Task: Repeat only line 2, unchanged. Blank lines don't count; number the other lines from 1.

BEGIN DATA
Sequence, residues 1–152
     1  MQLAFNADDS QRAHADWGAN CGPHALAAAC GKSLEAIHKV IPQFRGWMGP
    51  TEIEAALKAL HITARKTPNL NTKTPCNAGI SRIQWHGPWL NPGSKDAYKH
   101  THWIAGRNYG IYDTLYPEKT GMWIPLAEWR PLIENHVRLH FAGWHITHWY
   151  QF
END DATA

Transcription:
     1  MQLAFNADDS QRAHADWGAN CGPHALAAAC GKSLEAIHKV IPQFRGWMGP